“This character,” Williams reflected of his colleague at the time, “has never had a good lay.” With the perspicacity that would lead him to become, arguably, our greatest postwar playwright, Williams had pretty much hit the nail on the head.
The lines above come from a review by Blake Bailey of Thornton Wilder: A Life by Penelope Niven. The review appeared in The New York Times Book Review on December 28th, 2012. Bailey did not think very highly of Niven’s book which I haven’t read. The smirking tone in Bailey’s comments was nothing new to me and I was aware of the encounter between Wilder and Williams. However, I had never read or heard Williams’ specific comments. When I read Bailey’s lines, and the Williams quote in his review, a whole lot suddenly snapped into place for me. I actually don’t know that many of Thornton Wilder’s works but what I do know, I’ve really admired. One of his books I love as much as one can love a book. These feelings have long put me in a literary minority. I used to think there were a variety of fairly unimportant reasons for this. Now, after reading Bailey and Williams in that review, I know there is one primary reason and it is DEEPLY important. That reason, put very simply, is sex. First, some background.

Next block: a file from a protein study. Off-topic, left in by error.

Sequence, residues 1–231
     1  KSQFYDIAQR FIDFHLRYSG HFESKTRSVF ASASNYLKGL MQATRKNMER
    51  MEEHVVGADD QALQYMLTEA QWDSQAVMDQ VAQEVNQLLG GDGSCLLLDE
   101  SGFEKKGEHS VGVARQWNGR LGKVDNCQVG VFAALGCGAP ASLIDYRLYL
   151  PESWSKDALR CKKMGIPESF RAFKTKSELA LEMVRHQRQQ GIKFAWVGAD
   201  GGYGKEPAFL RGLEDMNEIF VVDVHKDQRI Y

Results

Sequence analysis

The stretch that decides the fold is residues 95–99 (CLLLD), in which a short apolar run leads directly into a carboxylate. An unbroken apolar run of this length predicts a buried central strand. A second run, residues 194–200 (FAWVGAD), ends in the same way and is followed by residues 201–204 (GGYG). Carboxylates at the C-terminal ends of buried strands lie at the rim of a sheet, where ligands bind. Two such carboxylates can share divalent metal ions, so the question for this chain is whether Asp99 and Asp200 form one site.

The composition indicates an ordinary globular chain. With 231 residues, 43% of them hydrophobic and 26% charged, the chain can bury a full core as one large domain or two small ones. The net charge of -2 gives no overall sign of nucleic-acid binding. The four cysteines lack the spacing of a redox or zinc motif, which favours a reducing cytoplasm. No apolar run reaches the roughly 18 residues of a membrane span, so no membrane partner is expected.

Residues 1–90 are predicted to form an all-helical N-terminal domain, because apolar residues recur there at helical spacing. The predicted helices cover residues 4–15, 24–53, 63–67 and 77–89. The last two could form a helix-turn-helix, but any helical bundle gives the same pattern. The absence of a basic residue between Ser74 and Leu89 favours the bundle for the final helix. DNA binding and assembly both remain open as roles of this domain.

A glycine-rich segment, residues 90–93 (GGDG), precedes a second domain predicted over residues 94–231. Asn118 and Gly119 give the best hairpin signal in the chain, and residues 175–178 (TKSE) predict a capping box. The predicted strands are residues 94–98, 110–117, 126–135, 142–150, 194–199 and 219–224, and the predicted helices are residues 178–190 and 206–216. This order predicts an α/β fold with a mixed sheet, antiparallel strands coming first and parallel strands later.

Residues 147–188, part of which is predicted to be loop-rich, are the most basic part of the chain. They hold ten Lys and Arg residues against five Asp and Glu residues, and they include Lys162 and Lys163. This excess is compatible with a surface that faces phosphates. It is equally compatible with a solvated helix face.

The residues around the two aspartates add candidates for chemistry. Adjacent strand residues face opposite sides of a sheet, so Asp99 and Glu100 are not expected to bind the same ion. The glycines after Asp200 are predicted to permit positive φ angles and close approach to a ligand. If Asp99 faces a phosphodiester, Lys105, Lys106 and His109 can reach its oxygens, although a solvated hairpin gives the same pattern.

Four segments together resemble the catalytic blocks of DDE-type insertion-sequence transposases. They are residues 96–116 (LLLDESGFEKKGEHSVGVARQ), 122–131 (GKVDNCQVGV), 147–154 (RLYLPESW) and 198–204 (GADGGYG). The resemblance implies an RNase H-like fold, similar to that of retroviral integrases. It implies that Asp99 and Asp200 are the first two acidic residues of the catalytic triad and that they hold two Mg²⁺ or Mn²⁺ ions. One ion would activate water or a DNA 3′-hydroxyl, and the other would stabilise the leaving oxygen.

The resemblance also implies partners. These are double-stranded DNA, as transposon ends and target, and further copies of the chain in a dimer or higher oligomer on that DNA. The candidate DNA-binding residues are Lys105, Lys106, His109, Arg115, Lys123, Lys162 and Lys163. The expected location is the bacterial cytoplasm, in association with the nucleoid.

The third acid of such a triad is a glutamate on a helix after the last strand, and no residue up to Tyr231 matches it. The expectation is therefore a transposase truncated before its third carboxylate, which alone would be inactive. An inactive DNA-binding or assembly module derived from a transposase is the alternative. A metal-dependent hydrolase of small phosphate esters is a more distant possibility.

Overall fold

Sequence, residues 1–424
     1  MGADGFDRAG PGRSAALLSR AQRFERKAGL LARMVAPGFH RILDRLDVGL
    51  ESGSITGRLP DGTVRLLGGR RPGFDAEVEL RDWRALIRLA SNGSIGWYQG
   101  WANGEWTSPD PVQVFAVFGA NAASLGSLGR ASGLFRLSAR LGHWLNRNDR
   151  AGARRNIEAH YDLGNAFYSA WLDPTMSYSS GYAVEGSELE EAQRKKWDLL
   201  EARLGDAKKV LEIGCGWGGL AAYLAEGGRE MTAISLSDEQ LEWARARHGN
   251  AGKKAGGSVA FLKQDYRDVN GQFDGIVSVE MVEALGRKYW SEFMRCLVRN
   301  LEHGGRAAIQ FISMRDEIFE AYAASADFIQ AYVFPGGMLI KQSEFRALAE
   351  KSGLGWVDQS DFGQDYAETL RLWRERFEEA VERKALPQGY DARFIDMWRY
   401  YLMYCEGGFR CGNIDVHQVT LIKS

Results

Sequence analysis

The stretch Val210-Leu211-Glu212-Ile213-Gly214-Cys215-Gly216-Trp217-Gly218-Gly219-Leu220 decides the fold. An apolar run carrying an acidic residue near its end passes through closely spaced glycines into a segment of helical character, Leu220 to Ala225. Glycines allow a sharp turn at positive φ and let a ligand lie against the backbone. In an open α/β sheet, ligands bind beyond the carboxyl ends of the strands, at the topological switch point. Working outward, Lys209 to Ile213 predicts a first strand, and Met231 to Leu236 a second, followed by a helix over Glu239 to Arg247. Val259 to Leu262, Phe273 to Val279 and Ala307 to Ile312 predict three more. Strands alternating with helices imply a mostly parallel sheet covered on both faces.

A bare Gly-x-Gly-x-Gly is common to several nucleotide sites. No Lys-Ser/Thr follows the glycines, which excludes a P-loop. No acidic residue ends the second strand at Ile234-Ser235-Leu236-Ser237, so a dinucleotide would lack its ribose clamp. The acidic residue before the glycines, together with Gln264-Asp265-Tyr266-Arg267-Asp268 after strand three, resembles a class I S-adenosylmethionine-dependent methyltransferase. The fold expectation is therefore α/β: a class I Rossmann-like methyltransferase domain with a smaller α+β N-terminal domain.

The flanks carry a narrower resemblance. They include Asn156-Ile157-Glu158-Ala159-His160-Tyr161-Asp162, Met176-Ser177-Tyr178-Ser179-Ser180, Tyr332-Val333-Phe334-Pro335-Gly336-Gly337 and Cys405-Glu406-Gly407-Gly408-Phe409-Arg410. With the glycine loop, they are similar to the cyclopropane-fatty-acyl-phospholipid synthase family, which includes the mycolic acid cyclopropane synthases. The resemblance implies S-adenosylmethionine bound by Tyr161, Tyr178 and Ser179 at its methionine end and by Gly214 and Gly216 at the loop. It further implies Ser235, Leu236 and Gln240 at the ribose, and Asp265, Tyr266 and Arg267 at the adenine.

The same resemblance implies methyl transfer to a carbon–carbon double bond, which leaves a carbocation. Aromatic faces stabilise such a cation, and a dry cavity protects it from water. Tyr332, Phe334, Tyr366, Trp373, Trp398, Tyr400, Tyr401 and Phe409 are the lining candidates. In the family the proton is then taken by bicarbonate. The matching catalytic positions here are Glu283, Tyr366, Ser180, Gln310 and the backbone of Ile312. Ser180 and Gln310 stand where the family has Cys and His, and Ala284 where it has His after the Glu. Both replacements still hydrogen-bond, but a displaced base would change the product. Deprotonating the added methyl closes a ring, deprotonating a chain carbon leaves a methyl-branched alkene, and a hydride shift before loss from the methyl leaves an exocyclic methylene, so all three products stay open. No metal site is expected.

When I was a junior in high school, we were given an “independent” reading assignment in English class. The quotation marks are because it was not truly independent. We had to pick from a list of novels. You could not use a book that was not on the list. For most of my life, I’ve been a slow reader so my primary factor in choosing a book from that list was that it be short. By far the shortest turned out to be The Bridge of San Luis Rey by Thornton Wilder. The title was familiar to me and I knew of Wilder’s fame as a dramatist. Beyond this, I was ignorant of the book. However, it was short and that was what mattered to me. Several pages in and I was totally entranced. I finished the The Bridge of San Luis Rey in record time, for me anyway. In the back of my copy, Wilder was described as having been a closeted homosexual. That fascinated me since I was then one myself. There was also mention of another novel, The Cabala, written shortly before The Bridge of San Luis Rey and long out of print. The title intrigued me. A month or so later, I was at the Bruised Apple, in my opinion the world’s greatest bookstore. To my delight, they had an old copy of The Cabala. I bought it and it has become one of my literary north stars. It cannot be overstated how much I love that book. Perhaps readers will understand when I say that I was restored to happiness by Thornton Wilder’s The Cabala. Much of what contentment and faith I have still comes from what I learned from The Cabala. I actually wrote a review of it for amazon a year or so after reading it which can be found on this blog. It is immature and overheated but I preserve it for sentimental reasons. Amid all this love, The Bridge of San Luis Rey receded somewhat in my mind. I don’t think it is as insightful or powerful as The Cabala. However, I still have a great deal of affection for it on its own and as the book that led me to a greater book.